By Melanie Hinze
Antihypertensive strategies targeting night-time systolic blood pressure (BP) are particularly important for reducing total cardiovascular event rates, in particular for heart failure (HF), according to new research published in Circulation.
The latest European, US and Japanese hypertension guidelines all recommend ambulatory or home BP monitoring for the diagnosis and management of hypertension, as it is increasingly recognised that undetected nocturnal hypertension can predict future cardiovascular disease, particularly HF.
In line with this, the Japan Ambulatory Blood Pressure Monitoring Prospective (JAMP) study, looked at the association between nocturnal hypertension and night-time BP dipping patterns and the occurrence of cardiovascular events.
The practitioner-based, nationwide, multicentre, prospective, observational study assessed 6359 patients with at least one cardiovascular risk factor, who were free of symptomatic cardiovascular disease at baseline. Patients were recruited from 116 different institutions, including primary practices, hospital-based outpatient clinics and hospitals; 48% were men, 77% were taking antihypertensives and their mean age was 68.6 years. Participants underwent 24-hour ambulatory BP monitoring and were then followed annually.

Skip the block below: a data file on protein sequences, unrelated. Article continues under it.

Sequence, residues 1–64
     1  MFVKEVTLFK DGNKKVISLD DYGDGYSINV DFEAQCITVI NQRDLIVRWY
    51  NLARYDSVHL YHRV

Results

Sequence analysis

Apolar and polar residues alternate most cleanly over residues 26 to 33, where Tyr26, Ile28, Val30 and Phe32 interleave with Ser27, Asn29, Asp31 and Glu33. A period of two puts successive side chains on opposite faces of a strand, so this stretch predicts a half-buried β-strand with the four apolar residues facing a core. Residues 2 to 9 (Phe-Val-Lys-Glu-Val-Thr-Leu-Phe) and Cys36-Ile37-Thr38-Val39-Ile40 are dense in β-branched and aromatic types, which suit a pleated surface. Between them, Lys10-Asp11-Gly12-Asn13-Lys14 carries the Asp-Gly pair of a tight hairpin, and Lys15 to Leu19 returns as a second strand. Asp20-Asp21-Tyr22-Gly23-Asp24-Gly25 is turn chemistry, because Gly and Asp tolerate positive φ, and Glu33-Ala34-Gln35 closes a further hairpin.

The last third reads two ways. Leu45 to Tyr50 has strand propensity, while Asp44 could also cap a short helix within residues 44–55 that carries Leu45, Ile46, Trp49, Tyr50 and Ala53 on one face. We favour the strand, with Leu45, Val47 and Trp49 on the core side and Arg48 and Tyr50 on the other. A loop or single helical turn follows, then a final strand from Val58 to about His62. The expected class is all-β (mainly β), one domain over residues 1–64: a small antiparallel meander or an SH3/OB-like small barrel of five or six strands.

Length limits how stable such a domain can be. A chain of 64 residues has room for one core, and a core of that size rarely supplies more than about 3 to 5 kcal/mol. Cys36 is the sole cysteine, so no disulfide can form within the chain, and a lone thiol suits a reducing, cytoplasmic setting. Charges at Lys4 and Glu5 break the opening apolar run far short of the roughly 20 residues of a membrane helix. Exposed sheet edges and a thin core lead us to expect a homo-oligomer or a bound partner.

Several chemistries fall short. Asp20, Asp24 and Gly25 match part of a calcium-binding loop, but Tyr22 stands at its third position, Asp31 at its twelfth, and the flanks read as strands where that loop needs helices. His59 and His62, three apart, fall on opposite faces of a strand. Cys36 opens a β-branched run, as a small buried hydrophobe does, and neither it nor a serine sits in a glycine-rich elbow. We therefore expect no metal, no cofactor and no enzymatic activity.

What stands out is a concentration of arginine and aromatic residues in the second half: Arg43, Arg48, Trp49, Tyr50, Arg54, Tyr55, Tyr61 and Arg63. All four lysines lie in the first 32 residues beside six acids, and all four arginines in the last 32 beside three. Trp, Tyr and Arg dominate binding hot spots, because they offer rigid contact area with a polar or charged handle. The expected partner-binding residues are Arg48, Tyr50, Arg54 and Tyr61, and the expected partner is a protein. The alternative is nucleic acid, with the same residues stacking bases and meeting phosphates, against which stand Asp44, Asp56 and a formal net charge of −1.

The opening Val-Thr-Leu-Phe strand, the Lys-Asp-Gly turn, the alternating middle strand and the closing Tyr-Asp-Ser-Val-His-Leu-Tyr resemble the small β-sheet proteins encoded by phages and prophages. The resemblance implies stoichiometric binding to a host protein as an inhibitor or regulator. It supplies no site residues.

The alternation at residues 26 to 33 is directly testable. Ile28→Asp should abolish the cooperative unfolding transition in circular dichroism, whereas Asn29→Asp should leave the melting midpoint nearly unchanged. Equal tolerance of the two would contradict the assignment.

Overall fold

Over a mean follow up of 4.5 years, 306 cardiovascular events occurred, including 119 strokes, 99 coronary artery disease events and 88 episodes of HF.
Night-time systolic BP was found to be significantly associated with the risk of atherosclerotic cardiovascular disease and HF.
When compared with those with a normal circadian rhythm, a night-time BP higher than daytime BP was significantly associated with higher overall cardiovascular disease risk. In particular, it carried an almost 2.5 times increased risk of HF.
Associate Professor Aaron Sverdlov, Director of Heart Failure at the Hunter Medical Research Institute, University of Newcastle and Cardiologist at the John Hunter Hospital, Newcastle, said, ‘This paper highlights the importance of blood pressure control, especially at night time, on cardiovascular health’.
Professor Sverdlov added that, ‘It also underscores the utility of 24-hour ambulatory blood pressure, which allows the diagnosis of night-time hypertension.’
Circulation 2020; 142: 1810-1820.